How’s the Water Minnesota? (Part 1 – Lakes)

Lakes in northern Minnesota are doing well, but most in the southern and western portions of the state are not meeting water quality standards.

For years, the Minnesota Pollution Control Agency (MPCA) has been compiling water quality data for lakes, rivers and streams, wetlands and groundwater resources around the state. Now, in a newly developed web feature, the agency is sharing this information with the public in a format that is simple and easy to understand.

Minnesota may be the “Land of 10,000 Lakes,” but the quality of these lakes varies widely from one end of the state to the other. In general, lakes in northeastern Minnesota are looking pretty good. The ecoregion is dominated by forests, wetlands and lakes, with very little farming or development, and 92% of the lakes meet water quality standards for swimming and recreation. The water is clear, algae blooms are almost non-existent, and few places have been infested by invasive species.

Meanwhile, in southern and western Minnesota, only 18% of the lakes are clean enough to swim in. Land that was once prairie has been converted to farmland, wetlands have been drained, and most farms use drain tile to quickly drain water out of the fields and into nearby waterways. Unlike the lakes up north, those in southern and western Minnesota are naturally shallow as well, so they are less resilient to pollution from excess sediment and nutrients.

Here in the metro, lake quality varies considerably. Deeper lakes fare better than shallow ones, and the lakes in less developed portions of the metro are doing better than those in cities or adjacent to farms.  About half of the metro area lakes are meeting water quality standards, while the other half suffer from algae blooms due to excess phosphorus. Invasive species are cropping up in many metro lakes because they are so heavily used. In addition, chloride levels from road salt are increasing in local lakes and streams and could become a major problem in the future.

Lakes in Washington County mirror trends in the rest of the metro. The jewels of the county like Square Lake, Big Marine and Lake Elmo are deep lakes with minimal development surrounding. In contrast, many of our shallower lakes like McKusick in Stillwater and Colby in Woodbury are inundated by runoff pollution from nearby neighborhoods. Curlyleaf pondweed and Eurasian water milfoil have taken hold in many lakes in the county, even some with otherwise good water quality.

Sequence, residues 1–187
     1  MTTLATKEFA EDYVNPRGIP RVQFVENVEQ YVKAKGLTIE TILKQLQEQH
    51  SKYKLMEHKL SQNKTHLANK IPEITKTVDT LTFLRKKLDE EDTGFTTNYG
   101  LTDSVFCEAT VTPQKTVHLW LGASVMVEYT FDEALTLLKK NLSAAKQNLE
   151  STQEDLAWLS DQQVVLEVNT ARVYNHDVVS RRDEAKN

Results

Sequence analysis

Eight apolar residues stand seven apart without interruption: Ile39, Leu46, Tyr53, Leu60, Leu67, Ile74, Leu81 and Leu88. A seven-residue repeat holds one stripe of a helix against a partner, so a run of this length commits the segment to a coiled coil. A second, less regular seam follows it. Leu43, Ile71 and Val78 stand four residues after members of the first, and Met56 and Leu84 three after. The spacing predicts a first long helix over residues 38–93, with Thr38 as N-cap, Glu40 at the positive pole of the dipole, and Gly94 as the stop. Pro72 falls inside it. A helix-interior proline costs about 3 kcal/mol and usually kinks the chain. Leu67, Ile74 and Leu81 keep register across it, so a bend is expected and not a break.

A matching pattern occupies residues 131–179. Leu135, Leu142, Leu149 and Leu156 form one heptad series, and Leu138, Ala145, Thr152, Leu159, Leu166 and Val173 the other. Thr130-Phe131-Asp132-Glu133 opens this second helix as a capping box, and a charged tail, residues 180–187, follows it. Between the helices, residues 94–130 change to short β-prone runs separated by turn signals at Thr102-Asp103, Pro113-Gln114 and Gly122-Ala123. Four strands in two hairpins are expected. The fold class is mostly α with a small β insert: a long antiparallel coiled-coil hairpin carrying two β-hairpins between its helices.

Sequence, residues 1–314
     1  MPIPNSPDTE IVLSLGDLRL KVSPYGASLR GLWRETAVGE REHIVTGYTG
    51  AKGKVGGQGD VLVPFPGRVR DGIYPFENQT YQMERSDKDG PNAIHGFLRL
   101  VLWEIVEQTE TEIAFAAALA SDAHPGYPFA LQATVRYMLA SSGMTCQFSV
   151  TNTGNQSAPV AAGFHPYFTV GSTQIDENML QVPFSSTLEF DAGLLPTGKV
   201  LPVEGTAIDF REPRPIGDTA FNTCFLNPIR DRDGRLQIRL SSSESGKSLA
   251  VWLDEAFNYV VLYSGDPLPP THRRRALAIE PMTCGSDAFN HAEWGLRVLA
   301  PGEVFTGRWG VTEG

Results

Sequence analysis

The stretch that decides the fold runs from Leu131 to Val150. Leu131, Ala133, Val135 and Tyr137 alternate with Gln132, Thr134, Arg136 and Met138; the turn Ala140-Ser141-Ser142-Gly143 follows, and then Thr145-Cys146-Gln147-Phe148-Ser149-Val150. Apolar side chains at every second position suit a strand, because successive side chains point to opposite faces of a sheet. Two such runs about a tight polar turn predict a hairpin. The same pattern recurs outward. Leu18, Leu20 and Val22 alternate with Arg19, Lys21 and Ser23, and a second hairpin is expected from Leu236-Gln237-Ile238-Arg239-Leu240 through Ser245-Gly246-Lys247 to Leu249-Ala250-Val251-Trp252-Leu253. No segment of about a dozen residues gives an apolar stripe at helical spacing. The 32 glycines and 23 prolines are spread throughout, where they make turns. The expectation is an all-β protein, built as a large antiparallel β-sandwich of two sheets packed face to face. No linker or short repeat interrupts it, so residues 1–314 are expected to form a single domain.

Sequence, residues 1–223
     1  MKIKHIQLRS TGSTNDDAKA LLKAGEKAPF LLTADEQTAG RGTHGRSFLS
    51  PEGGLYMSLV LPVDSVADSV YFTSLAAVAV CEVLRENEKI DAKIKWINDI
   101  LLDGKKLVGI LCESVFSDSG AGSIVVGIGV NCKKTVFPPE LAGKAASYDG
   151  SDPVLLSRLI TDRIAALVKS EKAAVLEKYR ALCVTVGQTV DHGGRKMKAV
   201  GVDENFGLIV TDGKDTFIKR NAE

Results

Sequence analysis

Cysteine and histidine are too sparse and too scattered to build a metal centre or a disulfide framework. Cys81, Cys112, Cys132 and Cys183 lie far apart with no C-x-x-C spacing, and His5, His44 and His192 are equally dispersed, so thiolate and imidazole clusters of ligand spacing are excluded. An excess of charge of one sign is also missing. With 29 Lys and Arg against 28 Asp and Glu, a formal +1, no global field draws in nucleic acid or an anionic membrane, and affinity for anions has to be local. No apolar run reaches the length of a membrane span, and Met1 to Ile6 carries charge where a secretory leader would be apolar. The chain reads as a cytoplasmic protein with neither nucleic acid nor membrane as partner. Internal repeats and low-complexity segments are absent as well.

The good news is that overall lake quality trends have stabilized over the past two decades, which means that most of the lakes in Minnesota are at least holding steady instead of getting worse. However, the MPCA has come to the frightening conclusion that, “Even if all existing laws were followed to the letter, lakes would still be subject to unacceptable levels of nutrients and other contaminants.” Furthermore, they believe that voluntary projects alone will be inadequate to protect and restore Minnesota lakes.

Happily, we have local examples in Washington County of water improvement efforts that have succeeded. During the 1990’s, the Ramsey-Washington Metro Watershed District worked hard to improve water quality in Tanner’s Lake in Oakdale.  They built stormwater treatment ponds, improved surrounding wetlands to better filter runoff pollutants, installed an alum treatment device to remove phosphorus from stormwater flowing into the lake, and restored native vegetation along some portions of the shoreline. As a result, there are less algae blooms today and the lake is now safe for swimming. Water quality in McKusick Lake has been improving as well due to multiple efforts of the Middle St. Croix Watershed Management Organization, City of Stillwater, and local residents, which include wetland improvements, shoreline projects and neighborhood raingardens. As a result, the MPCA removed McKusick from the list of impaired waters.

Elsewhere in Washington County and the metro area, several other lakes have also benefited from local government efforts to improve water quality and manage invasive species, though some of these efforts are too new still to have resulted in measurable improvements.